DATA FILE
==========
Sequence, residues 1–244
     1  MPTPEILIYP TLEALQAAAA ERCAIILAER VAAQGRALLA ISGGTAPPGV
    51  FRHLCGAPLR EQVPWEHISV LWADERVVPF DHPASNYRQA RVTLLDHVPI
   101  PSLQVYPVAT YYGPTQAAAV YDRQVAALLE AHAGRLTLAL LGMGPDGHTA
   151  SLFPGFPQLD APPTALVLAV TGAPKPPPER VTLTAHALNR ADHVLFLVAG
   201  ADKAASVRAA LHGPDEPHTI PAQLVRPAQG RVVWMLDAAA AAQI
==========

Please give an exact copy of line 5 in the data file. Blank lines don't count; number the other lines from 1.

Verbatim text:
   151  SLFPGFPQLD APPTALVLAV TGAPKPPPER VTLTAHALNR ADHVLFLVAG